The Commute for Cash Challenge is perfect for Cal Poly students, Marshall said.
“All of this is free,” she said. “I know when I was in college, I loved the idea of saving money.”
Marshall realized the program really affected people’s bottom lines when she began the Commute for Cash Challenge, she said.
“Cash is more tangible than the environment,” she said. “You can’t see poor air quality and we don’t have a lot of traffic congestion. But people see the difference when they’re saving money.”
The Commute for Cash Challenge was designed with the hope of making lasting changes in the community. In its first year, the challenge targeted those who were used to driving alone, Marshall said. Many of them tried something new, be it carpooling, biking or public transportation, and stuck with it.
“We keep in contact with our users,” she said. “And we have a lot of support.”
Marshall said San Luis Obispo is a green community; the program could not exist without the support from the community, she said.
“We have an incredible community,” she said. “It shows how important being green is and how important living outside the box is.”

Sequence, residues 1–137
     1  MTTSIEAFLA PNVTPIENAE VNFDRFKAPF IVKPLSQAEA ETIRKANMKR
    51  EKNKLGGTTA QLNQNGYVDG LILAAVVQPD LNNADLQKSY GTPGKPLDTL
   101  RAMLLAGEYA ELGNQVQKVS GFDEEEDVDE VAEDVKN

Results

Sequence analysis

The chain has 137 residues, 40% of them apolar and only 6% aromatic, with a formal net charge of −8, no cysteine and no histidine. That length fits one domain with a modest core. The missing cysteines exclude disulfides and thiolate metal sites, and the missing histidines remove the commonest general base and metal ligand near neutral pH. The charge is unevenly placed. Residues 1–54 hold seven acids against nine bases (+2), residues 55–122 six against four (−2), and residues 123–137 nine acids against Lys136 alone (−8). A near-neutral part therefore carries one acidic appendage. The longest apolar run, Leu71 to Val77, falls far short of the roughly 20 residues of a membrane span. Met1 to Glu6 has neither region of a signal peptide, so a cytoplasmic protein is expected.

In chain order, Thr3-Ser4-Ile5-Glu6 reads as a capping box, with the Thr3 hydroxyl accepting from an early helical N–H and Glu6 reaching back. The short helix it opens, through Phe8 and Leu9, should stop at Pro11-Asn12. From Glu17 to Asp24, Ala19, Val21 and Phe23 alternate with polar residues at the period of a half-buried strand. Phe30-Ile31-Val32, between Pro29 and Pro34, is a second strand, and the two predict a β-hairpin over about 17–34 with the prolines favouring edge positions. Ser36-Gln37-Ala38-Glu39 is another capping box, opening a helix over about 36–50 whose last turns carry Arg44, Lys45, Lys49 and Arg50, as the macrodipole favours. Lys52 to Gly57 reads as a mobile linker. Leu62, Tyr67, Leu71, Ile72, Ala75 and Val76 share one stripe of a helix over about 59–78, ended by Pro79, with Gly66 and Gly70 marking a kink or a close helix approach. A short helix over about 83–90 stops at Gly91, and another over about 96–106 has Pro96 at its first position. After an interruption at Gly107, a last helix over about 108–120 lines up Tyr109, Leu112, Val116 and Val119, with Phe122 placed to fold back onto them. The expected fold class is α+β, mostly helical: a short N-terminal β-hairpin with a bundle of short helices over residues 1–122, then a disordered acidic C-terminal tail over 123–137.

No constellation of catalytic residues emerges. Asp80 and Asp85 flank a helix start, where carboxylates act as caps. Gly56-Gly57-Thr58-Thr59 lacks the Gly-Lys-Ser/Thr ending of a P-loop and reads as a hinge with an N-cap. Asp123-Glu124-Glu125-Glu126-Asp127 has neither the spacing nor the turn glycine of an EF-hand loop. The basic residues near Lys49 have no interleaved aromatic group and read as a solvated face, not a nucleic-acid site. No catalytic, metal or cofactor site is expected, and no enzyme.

Marshall would like to keep San Luis Obispo a green community, she said.
“Let’s keep SLO, slow,” she said. “We’re such a car-centric culture. Just take a few more minutes and re-think your commute.”
SLO Regional Rideshare puts on many “go-green” events throughout the year with the help of the community. Last year there were more than 60 bike-related events in the city of San Luis Obispo; none of which could happen without a strong community, Marshall said.
Marshall’s work is not limited to the Commute for Cash Challenge. SLO Regional Rideshare’s largest campaign is Bike Month, in May. It also works with employers and various social services to promote sustainable commuting ideas. Another program, Safe Routes to School, works to provide students with safe paths on which to ride their bikes to school.
Living in a predominantly car-centric culture can be hard, Marshall said, especially when students’ hometowns aren’t pedestrian friendly. But, San Luis Obispo was recently voted the most pedestrian friendly town in the country, she said.
“It’s just a matter of whether or not you’re willing to change your commute,” Marshall said. “You just have to re-think the way you do things.”
Marshall strongly encourages Cal Poly students to take part in the Commute for Cash Challenge, and to take advantage of the green resources we have around us.
“It’s totally free, and you have nothing to lose,” she said. “The best part of my job is giving away $100.”
Even if you’re not interested in the Commute for Cash Challenge, SLO Regional Rideshare’s website, www.rideshare.org, has an abundance of resources for those interested in traveling green.
“These programs apply to students,” Marshall said, “there’s no reason not to take advantage of them.”
The Commute for Cash Challenge continues through the month of October, and you can sign up online at www.rideshare.org.